United Press International (UPI)

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      UPI Corrects on Israeli Position Vis-a-Vis Two State Solution

      CAMERA prompts correction after United Press International incorrectly reported that Israel has long opposed a two-state solution. Israel's long history of accepting deals that would have established a Palestinian state belie the erroneous assertion.

      Wave of Media Errors, Corrections Follows Malawi Announcement on Jerusalem Embassy

      News coverage of Malawi's announcement about opening an embassy in Jerusalem included a flurry of inaccurate articles, most misreporting that the nation would be the first African nation to open an embassy in the capital. While Malawi be the only African nation with an embassy in Jerusalem, several others existed in the past, and were closed after the 1973 Yom Kippur War.

      UPI Corrects After Referring to “Palestine” As A Country

      In response to communication from CAMERA, UPI promptly corrects an article which reported that wanted Palestinian Marwan Abusrour is believed to be residing in his "native countr[y,] "Palestine," referring to the Palestinian Authority.

      How Many Infected Believed To Be in Bnei Brak? 75,000 or 7,500?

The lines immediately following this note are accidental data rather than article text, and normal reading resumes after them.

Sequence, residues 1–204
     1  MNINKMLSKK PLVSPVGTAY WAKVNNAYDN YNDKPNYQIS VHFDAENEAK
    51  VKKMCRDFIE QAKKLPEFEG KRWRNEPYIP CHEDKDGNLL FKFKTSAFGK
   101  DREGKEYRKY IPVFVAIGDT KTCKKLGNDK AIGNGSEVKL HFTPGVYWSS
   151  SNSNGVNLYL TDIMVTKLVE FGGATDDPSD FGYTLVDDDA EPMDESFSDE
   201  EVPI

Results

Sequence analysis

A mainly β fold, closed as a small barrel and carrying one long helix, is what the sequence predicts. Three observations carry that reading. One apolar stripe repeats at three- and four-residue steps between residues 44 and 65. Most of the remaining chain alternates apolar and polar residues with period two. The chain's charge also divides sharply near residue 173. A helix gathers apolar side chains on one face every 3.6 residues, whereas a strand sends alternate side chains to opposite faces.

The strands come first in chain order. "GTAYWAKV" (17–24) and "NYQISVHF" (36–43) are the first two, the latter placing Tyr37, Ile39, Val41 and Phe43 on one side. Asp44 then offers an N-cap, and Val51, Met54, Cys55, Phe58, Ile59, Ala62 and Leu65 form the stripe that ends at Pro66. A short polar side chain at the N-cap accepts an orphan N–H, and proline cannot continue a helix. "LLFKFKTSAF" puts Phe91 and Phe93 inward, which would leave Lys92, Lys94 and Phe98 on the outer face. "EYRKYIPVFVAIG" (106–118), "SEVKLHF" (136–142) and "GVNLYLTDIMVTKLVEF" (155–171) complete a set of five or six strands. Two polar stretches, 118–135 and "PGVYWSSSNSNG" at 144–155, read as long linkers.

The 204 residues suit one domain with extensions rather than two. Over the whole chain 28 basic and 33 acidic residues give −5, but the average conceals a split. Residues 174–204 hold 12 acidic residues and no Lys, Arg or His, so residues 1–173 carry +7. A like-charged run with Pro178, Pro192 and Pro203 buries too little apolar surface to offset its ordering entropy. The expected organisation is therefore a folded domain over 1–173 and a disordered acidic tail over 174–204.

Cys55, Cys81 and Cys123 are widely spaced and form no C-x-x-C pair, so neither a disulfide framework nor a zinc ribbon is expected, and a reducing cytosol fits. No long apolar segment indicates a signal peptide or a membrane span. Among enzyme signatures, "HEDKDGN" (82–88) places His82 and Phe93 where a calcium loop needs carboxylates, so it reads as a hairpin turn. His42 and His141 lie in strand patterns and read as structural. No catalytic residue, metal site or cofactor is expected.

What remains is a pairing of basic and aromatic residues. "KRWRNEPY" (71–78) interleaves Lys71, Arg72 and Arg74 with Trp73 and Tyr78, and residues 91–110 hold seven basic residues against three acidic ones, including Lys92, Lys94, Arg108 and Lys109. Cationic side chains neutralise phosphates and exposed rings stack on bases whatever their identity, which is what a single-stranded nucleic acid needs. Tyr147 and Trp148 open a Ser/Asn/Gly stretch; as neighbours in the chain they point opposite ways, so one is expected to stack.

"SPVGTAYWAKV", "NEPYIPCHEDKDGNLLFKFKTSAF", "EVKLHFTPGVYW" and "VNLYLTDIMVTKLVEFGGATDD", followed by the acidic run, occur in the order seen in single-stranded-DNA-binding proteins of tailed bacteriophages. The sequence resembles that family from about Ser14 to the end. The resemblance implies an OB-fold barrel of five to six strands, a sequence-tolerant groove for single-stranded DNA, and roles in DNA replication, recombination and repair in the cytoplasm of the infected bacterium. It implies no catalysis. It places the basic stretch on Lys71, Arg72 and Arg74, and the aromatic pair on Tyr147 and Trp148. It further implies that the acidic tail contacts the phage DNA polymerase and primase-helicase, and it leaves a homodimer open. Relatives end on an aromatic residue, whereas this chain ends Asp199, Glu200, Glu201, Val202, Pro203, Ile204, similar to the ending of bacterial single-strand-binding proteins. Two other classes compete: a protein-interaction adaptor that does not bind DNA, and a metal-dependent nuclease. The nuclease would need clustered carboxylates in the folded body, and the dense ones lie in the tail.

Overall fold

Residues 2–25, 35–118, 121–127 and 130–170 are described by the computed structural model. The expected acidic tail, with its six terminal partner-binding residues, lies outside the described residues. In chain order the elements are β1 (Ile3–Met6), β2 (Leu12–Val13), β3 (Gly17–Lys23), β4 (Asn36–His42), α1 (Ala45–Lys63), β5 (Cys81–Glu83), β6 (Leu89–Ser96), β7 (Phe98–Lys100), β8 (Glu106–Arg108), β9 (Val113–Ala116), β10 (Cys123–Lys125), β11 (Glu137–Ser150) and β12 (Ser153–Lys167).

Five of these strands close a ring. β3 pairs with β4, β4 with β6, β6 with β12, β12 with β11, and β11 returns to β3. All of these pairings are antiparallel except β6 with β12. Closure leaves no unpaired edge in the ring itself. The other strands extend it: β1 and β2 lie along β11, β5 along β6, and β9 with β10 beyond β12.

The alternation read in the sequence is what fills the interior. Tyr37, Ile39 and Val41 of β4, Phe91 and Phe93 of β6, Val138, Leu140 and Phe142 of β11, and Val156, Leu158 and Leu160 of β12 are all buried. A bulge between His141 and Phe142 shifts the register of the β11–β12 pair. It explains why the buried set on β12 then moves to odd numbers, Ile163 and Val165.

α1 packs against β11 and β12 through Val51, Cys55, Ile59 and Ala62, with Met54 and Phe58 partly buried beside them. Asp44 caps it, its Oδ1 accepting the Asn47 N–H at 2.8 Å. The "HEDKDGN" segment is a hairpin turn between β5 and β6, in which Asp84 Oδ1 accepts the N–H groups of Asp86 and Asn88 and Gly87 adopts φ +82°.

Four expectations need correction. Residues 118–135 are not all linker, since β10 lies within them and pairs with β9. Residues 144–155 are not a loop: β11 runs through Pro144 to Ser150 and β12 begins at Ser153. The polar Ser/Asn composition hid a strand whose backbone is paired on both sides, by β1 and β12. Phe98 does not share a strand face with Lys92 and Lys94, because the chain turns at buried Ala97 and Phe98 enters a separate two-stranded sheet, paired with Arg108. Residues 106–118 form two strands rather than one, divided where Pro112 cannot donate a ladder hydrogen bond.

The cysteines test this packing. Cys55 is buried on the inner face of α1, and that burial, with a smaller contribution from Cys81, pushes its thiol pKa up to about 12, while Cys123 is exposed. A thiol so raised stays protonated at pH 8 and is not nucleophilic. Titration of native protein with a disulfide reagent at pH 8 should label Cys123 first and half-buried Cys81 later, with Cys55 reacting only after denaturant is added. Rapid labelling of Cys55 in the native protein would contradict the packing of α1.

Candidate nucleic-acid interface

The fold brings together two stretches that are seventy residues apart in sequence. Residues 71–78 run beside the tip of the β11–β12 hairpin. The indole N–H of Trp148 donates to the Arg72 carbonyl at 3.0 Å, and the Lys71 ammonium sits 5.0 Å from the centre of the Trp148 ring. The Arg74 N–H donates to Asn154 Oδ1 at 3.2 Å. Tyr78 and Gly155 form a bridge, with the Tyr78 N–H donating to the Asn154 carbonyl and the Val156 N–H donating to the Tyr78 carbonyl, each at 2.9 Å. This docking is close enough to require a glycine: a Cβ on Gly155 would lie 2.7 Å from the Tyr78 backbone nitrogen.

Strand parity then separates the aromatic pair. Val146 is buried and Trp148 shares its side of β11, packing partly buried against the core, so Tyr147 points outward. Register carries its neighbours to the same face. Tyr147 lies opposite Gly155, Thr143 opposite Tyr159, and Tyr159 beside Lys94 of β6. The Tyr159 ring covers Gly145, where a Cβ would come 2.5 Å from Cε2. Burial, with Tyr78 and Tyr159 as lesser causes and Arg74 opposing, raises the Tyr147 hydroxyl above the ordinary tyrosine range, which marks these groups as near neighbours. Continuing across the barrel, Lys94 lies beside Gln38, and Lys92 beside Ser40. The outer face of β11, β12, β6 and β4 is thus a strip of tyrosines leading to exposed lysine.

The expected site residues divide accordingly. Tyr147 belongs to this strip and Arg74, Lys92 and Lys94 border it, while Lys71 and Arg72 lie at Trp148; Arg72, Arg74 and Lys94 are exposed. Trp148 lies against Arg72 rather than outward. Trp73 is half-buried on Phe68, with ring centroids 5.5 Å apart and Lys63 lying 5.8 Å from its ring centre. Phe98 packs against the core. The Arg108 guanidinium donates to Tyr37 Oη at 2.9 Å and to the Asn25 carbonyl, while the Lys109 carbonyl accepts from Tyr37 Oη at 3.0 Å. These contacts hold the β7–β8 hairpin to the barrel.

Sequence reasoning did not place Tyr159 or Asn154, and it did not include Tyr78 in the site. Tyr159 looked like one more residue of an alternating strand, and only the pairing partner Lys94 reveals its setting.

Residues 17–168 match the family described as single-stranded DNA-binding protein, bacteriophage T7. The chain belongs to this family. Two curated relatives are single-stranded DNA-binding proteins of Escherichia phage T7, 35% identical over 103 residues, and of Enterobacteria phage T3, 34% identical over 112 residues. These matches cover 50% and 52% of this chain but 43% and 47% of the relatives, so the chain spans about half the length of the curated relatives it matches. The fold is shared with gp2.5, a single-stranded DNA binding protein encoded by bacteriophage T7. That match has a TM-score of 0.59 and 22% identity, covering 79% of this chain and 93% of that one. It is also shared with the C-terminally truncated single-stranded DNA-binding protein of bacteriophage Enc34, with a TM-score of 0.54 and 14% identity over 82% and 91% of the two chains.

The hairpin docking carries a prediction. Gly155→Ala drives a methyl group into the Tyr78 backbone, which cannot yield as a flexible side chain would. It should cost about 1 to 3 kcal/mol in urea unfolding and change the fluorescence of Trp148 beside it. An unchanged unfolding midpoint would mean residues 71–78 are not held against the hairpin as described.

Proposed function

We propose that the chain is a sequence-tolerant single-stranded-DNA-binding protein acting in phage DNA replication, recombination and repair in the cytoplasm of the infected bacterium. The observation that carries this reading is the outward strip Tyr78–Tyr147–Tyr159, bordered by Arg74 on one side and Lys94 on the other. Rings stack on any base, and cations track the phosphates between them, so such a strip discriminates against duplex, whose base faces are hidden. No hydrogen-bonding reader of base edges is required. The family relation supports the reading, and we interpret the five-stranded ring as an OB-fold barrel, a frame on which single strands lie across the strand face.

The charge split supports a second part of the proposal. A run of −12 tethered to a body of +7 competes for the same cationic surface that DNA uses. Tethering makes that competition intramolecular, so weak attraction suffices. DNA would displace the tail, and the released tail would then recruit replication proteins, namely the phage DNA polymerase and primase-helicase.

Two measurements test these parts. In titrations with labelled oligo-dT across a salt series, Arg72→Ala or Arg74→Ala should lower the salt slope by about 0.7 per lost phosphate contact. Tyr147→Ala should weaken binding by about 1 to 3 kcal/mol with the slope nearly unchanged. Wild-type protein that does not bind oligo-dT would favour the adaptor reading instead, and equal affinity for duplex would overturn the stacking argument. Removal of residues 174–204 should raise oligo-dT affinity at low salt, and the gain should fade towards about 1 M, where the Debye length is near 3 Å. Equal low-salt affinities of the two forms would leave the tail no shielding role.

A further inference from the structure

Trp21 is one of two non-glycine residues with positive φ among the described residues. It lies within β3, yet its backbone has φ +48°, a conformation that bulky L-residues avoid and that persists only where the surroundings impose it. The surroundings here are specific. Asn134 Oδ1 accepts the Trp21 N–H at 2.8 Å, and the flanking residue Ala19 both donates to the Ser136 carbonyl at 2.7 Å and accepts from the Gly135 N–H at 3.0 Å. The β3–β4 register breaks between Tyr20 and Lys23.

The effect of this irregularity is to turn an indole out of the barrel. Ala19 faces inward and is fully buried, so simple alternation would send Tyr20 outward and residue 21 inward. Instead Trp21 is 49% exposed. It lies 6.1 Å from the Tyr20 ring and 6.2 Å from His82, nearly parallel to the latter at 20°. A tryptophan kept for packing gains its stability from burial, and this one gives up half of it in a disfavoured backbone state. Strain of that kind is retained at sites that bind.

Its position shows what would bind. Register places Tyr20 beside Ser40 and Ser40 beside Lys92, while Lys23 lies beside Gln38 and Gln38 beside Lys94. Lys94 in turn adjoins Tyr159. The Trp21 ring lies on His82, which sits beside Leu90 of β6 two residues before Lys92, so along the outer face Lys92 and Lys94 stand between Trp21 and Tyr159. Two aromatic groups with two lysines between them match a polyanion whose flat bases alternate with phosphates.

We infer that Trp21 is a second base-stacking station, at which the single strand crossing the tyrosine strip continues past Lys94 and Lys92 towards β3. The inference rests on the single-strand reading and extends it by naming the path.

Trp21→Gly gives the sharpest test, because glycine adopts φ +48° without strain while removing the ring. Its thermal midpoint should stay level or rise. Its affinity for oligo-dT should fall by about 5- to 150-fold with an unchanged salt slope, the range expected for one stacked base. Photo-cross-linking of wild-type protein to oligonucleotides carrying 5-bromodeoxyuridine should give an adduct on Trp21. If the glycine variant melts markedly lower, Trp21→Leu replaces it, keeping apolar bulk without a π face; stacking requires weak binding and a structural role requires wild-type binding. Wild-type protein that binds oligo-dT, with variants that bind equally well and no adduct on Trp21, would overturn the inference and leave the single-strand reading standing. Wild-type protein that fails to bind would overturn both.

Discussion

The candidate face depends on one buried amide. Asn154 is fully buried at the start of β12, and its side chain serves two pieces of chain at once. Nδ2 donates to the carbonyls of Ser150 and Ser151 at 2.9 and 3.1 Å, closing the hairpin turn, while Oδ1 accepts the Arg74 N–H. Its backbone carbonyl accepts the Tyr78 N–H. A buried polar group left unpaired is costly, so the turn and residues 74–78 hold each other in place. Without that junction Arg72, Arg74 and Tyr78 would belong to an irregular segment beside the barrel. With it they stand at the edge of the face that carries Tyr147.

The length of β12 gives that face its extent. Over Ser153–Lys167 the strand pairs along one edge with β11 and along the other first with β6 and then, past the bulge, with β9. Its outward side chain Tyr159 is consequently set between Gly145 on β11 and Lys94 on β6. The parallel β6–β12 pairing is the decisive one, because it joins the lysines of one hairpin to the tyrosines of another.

Ran Saar, CEO of the Maccabi HMO, is the putative source for the widely reported figure that 75,000 residents of the ultra-Orthodox town of Bnei Brak are likely infected with coronavirus. Media outlets ignore that Maccabi officials cited a miscalculation, and said the actual figure is just 10 percent of that. The executive director said Maccabi has "no idea" how many are infected.

      UPI Corrects: U.S. Embassy in Jerusalem Will Not Be A First

      CAMERA prompts correction of a United Press International article which incorrectly stated that the future American embassy in Jerusalem will be the first foreign embassy in the city. In fact, there have been over a dozen, with the last two closing in 2006.

      CAMERA Prompts Wave of Corrections on Shamasneh Family Eviction

      CAMERA prompts several corrections after multiple media outlets stated as fact that the Shamasnehs, evicted from their Sheik Jarrah home, had lived there since 1964, making them "protected tenants." Times of Israel, Haaretz and The Jerusalem Post correct: The courts found no evidence of residency prior to 1968, and thus the family did not have that status.